Big oil’s own scientists knew the industry threatened the globe at least as far back as the early 1980s, and Rep. Katie Porter (D-Cal) knows that demonstrative evidence might help mitigate that threat.
Oil industry executives were surely aware of the fact that this week was one of the most consequential in years, perhaps decades. The industry faced direct confrontations with Congress, courts, and a global summit.
CEOs of companies that lead the largest economic sector on the planet faced withering questions from Congress that had political veterans comparing the “atmosphere” (no pun intended) on Capitol Hill to the grilling Big Tobacco faced in 1994. The tobacco industry’s hearings helped build momentum that resulted in a $206 Billion dollar settlement, significantly changing its reach and power.
The CEOs of the world’s largest oil companies would happily write a $206 billion check and new limitations today to avoid what they face in the near future.
Much of the focus in the committee hearings centered around internal industry documents demonstrating that the companies knew that their product posed severe threats to the Earth’s climate as far back as the late 1970s and earlier ’80s. As but one example, the committee pointed to a 1982 internal memo that predicted a future that proved frighteningly accurate:
[Exxon’s own report states], “our best estimate is that doubling of the current concentration could increase average global temperature by about 1.3 degrees celsius to 3.1 degrees celsius.” Glaser acknowledges that there is “considerable uncertainty” about the impact this warming will have on society and that there is “currently no unambiguous scientific evidence that the earth is warming.” Glaser writes that greenhouse effect could be detected by 1995 or 2020 if the climate models are exaggerating.
The devastating memo led to some devastating inquiries aimed directly at the CEOs of Exxon and Shell, while sending a message to all involved. But it was Katie Porter, whose demonstrative questions posed to Shell and Exxon, using rice and M&Ms, that dominated the news coming out of the hearing.
Porter’s rice put industry land use into perspective:
Were that not enough, she then used M&Ms to mock self-important claims that companies invest heavily in renewable energy:
The questions come during a week in which global leaders, including President Joe Biden, will meet in Glasgow, Scotland to discuss cooperative emission limits by dates certain.
But those internal documents themselves may pose a bigger threat to the industry than Congress and even world leaders. The documents unequivocally prove that the industry’s companies’ forty years of denial, lobbying, and falsifiable scientific studies, were all meant to fraudulently prove that climate change is a fraud in an effort to protect profits.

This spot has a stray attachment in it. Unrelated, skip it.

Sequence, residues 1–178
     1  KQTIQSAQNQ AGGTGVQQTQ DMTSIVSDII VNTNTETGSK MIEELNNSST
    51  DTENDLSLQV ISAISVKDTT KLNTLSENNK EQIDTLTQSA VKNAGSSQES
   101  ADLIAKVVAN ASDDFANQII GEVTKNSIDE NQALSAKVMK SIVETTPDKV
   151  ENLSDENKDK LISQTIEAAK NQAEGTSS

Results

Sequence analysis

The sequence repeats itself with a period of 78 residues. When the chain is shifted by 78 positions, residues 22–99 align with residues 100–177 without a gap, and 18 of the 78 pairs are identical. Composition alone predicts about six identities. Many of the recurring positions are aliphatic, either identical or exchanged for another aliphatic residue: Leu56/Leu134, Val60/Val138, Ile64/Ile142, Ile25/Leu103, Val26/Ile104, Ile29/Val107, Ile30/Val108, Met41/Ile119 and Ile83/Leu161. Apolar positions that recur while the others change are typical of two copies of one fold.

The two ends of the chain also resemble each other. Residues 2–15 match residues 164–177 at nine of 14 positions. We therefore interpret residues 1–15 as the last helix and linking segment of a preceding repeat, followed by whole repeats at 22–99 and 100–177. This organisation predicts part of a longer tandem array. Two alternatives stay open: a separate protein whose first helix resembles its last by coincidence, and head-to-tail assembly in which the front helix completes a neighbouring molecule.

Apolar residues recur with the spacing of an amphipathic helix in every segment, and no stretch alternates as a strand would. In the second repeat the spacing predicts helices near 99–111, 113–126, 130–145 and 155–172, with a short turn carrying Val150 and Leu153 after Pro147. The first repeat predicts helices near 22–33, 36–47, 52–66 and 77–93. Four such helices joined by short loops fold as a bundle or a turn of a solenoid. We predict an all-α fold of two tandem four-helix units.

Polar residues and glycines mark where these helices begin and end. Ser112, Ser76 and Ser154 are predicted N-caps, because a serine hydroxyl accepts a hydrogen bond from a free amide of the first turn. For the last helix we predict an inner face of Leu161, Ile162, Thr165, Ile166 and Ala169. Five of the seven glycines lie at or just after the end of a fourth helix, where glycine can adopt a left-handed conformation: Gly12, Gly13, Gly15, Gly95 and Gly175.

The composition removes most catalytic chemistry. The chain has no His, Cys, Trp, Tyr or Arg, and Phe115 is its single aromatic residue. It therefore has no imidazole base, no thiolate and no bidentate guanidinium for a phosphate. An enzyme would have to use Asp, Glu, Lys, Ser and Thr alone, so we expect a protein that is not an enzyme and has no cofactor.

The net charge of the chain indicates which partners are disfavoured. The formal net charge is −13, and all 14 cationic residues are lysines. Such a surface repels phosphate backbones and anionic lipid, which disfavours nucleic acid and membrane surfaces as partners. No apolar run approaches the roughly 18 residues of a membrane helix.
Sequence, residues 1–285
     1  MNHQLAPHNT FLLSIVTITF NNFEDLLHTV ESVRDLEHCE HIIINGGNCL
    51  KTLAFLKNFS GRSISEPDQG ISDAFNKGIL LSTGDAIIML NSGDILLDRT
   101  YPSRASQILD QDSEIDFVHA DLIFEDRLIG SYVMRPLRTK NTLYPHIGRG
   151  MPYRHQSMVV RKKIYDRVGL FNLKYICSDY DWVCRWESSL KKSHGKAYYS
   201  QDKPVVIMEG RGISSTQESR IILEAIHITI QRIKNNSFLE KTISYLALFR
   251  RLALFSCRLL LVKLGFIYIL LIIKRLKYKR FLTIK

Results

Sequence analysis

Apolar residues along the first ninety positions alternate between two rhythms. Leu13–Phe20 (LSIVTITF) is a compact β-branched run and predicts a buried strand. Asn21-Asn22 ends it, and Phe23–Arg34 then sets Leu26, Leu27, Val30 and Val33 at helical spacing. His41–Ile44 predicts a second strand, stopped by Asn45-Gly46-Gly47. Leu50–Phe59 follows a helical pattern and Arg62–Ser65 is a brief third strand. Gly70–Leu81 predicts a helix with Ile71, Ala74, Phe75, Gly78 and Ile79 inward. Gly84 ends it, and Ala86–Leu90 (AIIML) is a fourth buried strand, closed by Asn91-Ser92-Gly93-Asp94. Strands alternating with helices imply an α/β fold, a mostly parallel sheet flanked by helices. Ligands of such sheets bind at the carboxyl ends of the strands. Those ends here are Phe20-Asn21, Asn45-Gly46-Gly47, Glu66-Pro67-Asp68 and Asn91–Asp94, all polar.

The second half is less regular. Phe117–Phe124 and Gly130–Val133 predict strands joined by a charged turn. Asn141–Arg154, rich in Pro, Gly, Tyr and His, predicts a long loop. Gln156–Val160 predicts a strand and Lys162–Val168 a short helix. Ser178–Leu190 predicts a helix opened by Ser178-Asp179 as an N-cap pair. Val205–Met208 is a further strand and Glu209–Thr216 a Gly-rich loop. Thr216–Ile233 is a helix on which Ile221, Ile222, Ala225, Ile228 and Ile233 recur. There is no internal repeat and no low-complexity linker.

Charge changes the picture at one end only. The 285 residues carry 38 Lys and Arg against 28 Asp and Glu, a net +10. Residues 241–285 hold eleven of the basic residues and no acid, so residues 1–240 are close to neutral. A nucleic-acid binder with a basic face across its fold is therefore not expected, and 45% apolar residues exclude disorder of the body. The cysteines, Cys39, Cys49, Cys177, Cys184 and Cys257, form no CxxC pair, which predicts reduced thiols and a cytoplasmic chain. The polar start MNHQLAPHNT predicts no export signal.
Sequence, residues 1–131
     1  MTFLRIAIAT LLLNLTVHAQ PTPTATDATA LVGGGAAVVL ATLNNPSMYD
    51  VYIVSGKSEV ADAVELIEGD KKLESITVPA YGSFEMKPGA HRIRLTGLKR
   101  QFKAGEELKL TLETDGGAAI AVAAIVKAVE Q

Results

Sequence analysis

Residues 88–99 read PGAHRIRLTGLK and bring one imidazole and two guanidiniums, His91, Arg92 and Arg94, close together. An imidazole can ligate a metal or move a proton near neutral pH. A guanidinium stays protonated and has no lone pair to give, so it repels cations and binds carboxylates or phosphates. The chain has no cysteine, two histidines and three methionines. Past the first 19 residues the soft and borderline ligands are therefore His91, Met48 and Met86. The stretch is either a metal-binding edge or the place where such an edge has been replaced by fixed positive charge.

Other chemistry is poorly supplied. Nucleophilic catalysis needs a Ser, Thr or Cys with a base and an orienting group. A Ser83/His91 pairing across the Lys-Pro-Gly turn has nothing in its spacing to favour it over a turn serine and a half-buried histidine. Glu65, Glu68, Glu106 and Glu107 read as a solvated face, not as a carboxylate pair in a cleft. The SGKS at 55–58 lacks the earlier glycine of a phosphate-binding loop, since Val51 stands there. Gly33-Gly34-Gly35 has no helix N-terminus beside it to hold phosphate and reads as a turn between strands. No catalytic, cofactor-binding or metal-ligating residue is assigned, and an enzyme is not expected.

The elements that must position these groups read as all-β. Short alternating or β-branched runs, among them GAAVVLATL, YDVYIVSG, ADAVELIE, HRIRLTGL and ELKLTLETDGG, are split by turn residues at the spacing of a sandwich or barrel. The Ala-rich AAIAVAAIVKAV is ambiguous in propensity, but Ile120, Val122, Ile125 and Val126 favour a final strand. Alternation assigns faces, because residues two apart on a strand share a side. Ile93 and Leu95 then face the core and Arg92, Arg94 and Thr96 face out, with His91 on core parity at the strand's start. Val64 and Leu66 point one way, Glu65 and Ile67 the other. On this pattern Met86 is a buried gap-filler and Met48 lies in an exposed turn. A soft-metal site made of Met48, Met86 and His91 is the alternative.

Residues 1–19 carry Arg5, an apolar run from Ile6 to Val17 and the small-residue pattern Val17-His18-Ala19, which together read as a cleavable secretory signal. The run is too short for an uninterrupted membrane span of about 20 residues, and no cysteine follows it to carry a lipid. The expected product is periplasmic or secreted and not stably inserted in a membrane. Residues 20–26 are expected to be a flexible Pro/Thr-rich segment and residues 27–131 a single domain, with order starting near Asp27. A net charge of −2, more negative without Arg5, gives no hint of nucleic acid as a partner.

Lawsuits have already been filed (some will be filed directly by governments) based upon the intentional fraud and resulting damage. Monetary judgments in cases with this type, the type with “intentional misbehavior” are not limited just to the economic value of the damage caused but can include punitive damages, damages meant solely to punish such blatant greed-based fraud. One cannot “punish” companies such as these without digging deep into their profits. It is entirely possible that the oil industry now faces judgments consisting of trillions of dollars and court-ordered changes to its business model.
The world always knew that rice and M&Ms were invaluable, but no one ever thought they might play a small role in saving that same world. It is now on the oil industry to play a big role.
Jason Miciak is a political writer, features writer, author, and attorney. He is originally from Canada but grew up in the Pacific Northwest as a dual Canadian-American citizen, which he grows increasingly thankful for every day. He now enjoys life as a single dad, writing from the beaches of the Gulf Coast, getting advice from his beloved daughter and teammate. He is very much the dreamy mystic that cannot add and loves dogs more than most people. He also likes studying cooking, theoretical physics, cosmology, and quantum mechanics. He likes pizza.
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